Three life lessons

  • Published
  • By Master Sgt. Matthew Coltrin
  • 509th Logisitics Readiness Squadron first sergeant
Hey Airmen with a capital "A", the following are three life lessons to help you refocus, achieve personal expectations and maximize your contributions to the Air Force, right now.

Lesson one, focus on what you control. It is a time in our Air Force which we have been presented a myriad of changes and challenges. From changes to Enlisted Performance Reports (EPRs) to instituting Static Close-out Dates (SCODs), to balancing a greater mission with less Airmen, to sequester and force reductions.

Being cognizant of the challenges presented to us is wise but focusing on the piece we own is more critical. What is that piece? Being awesome... exemplifying the core values, trying our best... professionally, spiritually, personally and socially... understanding one's position in the force structure, understanding our role and leading by a positive example. You see, despite all the challenges we are going through as a team, our Air Force's universal beliefs have remained largely unchanged. In the Air Force we recognize, internalize and reward individuals who display integrity, excellence and service. Get there, stay there, live there. "The measure of a man is not during times of comfort but during times of change and controversy." -Martin Luther King Jr.

Lesson two, understand you control your own destiny. If you are not familiar with the internal/external locus of control theory, accomplish a little fun study unto this subject. In a nutshell, locus of control describes the amount of control individuals believe they have over their own lives, careers or destiny.  Pessimistic individuals try to erode our internal locus of control. This is bad for you and this is bad for the mission. No one controls your destiny more than you. Ignore the naysayers, work hard and let the consequences follow, period. "If you are going to achieve excellence in big things, you develop the habit in little matters. Excellence is not an exception, it is a prevailing attitude." -Charles R. Swindoll.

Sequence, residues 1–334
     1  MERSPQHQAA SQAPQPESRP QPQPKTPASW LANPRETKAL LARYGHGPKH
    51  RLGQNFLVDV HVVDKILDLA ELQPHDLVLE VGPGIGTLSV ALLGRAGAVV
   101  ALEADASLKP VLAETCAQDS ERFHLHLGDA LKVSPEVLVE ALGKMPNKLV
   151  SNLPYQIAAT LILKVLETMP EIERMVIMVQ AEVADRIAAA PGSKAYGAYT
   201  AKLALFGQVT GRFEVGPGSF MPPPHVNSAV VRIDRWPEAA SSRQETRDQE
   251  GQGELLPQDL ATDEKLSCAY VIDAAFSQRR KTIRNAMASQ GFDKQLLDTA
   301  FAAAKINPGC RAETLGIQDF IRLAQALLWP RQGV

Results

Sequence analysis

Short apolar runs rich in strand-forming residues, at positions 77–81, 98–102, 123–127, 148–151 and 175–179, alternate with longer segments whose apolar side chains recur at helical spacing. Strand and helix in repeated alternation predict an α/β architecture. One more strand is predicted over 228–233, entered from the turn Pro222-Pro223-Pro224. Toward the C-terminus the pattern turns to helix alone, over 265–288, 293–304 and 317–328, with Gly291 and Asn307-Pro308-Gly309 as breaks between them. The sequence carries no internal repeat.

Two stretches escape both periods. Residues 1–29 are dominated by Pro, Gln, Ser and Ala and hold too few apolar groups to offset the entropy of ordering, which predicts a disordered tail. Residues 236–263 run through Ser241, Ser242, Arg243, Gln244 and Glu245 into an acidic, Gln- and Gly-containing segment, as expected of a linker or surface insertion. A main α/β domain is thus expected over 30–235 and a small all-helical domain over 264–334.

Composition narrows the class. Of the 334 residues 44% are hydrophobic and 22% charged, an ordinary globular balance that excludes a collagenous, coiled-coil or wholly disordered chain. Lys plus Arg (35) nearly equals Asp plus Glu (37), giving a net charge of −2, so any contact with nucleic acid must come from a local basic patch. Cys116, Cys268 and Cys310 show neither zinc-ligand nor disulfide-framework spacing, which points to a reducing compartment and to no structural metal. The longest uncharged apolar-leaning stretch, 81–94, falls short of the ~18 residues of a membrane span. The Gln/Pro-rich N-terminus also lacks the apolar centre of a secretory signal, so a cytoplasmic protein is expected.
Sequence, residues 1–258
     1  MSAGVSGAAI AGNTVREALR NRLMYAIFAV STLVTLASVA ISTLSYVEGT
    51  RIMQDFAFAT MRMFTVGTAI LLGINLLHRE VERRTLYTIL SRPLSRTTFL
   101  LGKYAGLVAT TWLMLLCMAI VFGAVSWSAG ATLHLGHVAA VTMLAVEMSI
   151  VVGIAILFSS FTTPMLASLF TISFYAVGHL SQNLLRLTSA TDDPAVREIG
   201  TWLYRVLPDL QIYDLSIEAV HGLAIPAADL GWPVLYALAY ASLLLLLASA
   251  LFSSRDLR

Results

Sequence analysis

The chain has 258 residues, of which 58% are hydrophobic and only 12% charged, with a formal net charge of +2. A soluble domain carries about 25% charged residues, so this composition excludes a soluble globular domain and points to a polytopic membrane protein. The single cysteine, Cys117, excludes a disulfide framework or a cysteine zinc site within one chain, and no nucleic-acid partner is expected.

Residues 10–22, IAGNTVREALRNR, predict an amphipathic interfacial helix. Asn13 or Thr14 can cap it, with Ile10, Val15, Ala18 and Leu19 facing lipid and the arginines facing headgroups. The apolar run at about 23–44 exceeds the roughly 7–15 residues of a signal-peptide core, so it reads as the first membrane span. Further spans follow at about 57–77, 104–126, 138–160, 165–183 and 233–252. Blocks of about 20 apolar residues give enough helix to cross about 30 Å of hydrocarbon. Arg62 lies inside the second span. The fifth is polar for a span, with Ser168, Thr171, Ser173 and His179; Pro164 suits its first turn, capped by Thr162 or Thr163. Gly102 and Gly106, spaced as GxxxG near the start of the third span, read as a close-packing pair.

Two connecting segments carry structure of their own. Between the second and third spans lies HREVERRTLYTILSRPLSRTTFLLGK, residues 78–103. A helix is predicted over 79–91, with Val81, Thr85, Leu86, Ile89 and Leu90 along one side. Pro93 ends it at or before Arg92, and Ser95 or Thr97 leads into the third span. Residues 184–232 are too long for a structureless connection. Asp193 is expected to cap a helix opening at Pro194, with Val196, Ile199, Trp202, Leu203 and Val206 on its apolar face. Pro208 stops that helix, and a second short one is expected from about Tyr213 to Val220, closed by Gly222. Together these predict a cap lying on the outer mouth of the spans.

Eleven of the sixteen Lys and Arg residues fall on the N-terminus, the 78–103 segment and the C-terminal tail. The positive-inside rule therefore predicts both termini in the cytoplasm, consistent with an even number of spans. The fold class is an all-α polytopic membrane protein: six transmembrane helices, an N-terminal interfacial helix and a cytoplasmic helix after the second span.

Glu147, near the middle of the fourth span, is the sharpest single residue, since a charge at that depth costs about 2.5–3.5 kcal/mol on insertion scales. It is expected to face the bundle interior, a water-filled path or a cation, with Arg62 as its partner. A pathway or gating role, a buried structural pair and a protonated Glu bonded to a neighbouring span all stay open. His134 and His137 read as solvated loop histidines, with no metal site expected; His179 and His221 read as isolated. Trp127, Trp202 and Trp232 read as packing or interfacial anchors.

Lesson three, exude tough minded optimism in your daily activities. This does not describe flattery or brown nosing, or giving pump-up speeches with buzzwords and clichés, but it describes an internal fortitude of self-control. You WILL have bad days and you won't always win. Tough minded optimism describes overcoming our fly instinct and forcing the body to fight. It describes being part of the solution not just identifying the problem. It means taking action or overcoming obstacles and it means no matter how uncomfortable any situation becomes we never sellout our integrity for the easy way out. We identify the challenges set ahead of us but never cower. We maintain tough minded optimism with a realist perspective that the winds will eventually calm but right now we take charge of the Airmen entrusted to our charge and fight. Why do you ask, because we have no other option but to win! Adversity causes some men to break; others to break records." -William Ward.

Now go out there, refocus and maximize your contribution to our force. We are all in this fight together... lead on!